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“God’s country!” That’s what my dad calls New Mexico. With so many wonderful sites, it’s easy to understand why.
From the green, forest-filled north, to the wide-open deserts of the south. From the rich farmlands to the east, to the historic breathtaking views of the west. With blue skies and plentiful resources from border to border, there can be very little argument that we are close to heaven.
But, it’s more than the beautiful landscapes or abundantly nice weather. It has to do with the people of New Mexico.
We are as diverse and bountiful as the place that surrounds us. Resilient is a good word to describe our citizens. “We grow as we go,” as our state motto appropriately describes.
Despite these countless strengths, recently many have felt like we are living a tale of two cities – the best of times and the worst of times.
We are a state full of wealth and natural resources, but so many of us live in poverty. Our communities are filled with the most intelligent people at Los Alamos and Sandia national laboratories, state universities and military bases. Yet, we rank near the bottom of most lists related to the education of our youth.
Why are we so poor and undereducated? Many well-intentioned people have asked this question. Many whose job it is to find the answer have asked this question.
But, the question remains, why?
The answer of course is very complex. Supply and demand, global economy, too little pay, lack of funding, too much testing, political will, and, of course, taxes.
So many reasons – no definitive answers.
We know many problems related to poverty stem from the lack of education. History has taught us that the only true pathway out of poverty is through education.
Seems so simple – why not just stay in school?
Perhaps we get distracted by the problems in life. Perhaps we are unfamiliar with or uninformed about the resources that are available to help make better decisions about our financial, legal and educational goals.
With more help and better information, maybe we would be able to resolve our poverty and education problems. We could overcome the current state of affairs, one problem, one person, one family at a time.
Even though life’s complicated, we know people have succeeded by planning, weighing options and getting advice from experts before making decisions. Wouldn’t it be great, if we could get this help from professionals before making significant decisions in our lives?
For example, money and taxes. Wouldn’t it be nice if there were places to get these answers?
There are places:
The University of New Mexico’s Law School Low Income Taxpayer Clinic, 505-277- 5265, can help resolve IRS disputes.
Consumer Credit Counseling Services, 888-889-9347, can provide assistance with money management, budgeting and credit. They can also help develop repayment programs.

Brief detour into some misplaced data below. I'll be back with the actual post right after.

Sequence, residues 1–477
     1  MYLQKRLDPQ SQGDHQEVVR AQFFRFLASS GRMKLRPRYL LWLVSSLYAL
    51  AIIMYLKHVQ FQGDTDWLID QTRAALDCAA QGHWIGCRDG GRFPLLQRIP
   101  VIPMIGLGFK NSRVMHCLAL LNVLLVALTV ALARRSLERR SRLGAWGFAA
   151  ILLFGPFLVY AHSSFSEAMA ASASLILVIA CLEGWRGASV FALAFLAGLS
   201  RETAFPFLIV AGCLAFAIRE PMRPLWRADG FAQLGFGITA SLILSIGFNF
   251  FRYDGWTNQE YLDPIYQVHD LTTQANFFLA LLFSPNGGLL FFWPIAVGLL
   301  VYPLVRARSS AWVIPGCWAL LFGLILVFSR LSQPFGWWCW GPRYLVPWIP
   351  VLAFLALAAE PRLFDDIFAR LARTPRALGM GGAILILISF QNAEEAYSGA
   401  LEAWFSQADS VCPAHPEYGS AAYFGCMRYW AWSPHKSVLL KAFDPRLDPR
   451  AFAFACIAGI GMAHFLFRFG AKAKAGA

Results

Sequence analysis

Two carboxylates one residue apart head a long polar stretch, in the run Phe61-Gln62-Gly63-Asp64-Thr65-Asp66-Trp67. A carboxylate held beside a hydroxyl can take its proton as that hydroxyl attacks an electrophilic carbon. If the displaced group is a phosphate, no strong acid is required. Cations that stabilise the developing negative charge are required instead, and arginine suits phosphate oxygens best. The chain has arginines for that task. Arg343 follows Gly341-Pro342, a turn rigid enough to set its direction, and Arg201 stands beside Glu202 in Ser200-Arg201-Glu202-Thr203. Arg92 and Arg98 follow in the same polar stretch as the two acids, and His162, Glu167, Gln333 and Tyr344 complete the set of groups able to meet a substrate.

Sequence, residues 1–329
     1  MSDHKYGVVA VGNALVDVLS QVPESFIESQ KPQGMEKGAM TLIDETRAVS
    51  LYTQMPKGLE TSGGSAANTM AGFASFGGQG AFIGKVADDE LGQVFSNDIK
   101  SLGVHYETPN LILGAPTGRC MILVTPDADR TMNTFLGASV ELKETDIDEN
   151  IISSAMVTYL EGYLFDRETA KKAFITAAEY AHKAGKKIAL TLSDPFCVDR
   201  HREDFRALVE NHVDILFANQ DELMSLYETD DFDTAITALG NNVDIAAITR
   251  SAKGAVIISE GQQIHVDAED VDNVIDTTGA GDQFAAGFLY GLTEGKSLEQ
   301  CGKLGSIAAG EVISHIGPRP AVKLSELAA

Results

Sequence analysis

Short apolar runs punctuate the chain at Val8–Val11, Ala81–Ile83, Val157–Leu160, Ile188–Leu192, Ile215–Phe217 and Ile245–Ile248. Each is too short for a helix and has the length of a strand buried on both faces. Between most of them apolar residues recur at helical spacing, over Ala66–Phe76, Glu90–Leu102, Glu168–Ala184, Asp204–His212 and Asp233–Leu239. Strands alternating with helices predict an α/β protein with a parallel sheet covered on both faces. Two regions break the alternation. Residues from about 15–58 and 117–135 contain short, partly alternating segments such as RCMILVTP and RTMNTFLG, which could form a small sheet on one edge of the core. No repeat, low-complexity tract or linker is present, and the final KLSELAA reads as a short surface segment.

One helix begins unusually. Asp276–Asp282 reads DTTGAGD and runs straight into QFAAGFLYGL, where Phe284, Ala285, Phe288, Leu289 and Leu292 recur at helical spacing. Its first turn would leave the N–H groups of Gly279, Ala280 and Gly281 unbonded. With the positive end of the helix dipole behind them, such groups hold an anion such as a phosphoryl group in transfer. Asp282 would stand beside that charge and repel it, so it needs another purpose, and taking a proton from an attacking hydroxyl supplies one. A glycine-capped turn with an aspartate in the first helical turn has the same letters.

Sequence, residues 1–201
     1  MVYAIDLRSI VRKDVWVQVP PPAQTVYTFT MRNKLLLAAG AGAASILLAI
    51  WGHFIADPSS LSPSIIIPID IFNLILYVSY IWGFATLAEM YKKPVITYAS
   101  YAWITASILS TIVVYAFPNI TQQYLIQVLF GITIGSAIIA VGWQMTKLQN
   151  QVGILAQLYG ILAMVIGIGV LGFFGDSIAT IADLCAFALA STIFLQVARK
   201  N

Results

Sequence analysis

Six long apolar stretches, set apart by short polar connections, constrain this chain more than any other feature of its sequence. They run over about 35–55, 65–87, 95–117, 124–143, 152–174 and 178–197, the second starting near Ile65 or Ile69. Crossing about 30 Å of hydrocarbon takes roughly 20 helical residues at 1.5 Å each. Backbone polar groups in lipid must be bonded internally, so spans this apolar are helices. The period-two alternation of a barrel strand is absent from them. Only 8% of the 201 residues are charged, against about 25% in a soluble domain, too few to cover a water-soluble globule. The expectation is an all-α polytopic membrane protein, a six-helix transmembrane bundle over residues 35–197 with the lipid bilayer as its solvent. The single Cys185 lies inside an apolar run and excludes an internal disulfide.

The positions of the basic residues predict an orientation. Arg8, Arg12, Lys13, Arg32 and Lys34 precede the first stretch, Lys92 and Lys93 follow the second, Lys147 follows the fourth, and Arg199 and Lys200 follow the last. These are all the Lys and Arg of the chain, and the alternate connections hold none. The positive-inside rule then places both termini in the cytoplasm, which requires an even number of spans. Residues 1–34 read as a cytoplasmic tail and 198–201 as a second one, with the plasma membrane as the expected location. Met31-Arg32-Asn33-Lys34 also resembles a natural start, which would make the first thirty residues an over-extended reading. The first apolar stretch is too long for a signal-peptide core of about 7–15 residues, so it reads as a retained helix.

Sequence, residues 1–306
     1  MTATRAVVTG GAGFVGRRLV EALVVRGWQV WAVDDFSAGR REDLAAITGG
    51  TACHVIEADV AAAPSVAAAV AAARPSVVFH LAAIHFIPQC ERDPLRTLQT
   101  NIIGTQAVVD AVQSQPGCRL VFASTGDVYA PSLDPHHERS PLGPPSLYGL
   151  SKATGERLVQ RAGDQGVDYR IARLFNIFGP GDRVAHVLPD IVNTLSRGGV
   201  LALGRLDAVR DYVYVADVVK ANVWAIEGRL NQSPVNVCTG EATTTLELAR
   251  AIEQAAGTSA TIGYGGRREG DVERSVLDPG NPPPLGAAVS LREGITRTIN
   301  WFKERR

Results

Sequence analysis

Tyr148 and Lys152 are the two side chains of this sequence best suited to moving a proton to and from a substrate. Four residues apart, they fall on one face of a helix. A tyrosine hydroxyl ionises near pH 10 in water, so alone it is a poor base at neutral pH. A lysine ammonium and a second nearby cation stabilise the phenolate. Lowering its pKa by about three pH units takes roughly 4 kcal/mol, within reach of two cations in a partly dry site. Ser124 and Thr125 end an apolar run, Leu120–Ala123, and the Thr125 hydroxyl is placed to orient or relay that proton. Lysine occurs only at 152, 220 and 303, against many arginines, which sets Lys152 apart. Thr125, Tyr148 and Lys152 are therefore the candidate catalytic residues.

What about legal problems?
We know numerous issues related to poverty involve legal questions, our justice system or governmental programs. What if a place existed where we could get information or assistance about legal matters? Well, there is a place.
Law Access New Mexico, 800-340-9771, has attorneys available by phone to answer legal questions and refer to appropriate agencies for further assistance.
What about help for seniors? There are places for that, too.
New Mexico Aging and Long-Term Services, 800-432-2080, is dedicated to promoting the independence and dignity of elders. Adult Protective Services, 505-841-4500, can help with adult home-care services and referrals.
Divorce and child custody?
The Family Law Clinic is available every third Wednesday of the month in the District Courthouse in Albuquerque. Advocacy Inc., 505-256-9369, provides guardian ad litem services for children in cases alleging abuse, neglect or abandonment.
Children with disabilities?
The ARC of New Mexico advocates for developmentally disabled persons and their families. The group assists in getting SSI and Medicaid benefits.
There are lawyers, counselors, medical, mental health and addiction professionals available to assist. In fact, there are so many people and organizations within our communities that are willing to help, at little or no cost, that they all can’t be listed here.
If you need help, start by contacting Law Access New Mexico, 800-340-9771, or New Mexico Legal Aid, 505-243-7871. Call them. If they can’t help you, they can refer you to an appropriate organization that can.
Over the years, if we have learned anything, it’s that the people of our state are resilient. They are also extremely helpful, friendly and kind.
That’s what makes New Mexico “God’s country!”
Frank A. Sedillo is a judge of the Bernalillo County Metropolitan Court. Opinions expressed here are solely those of the judge individually and not those of the court.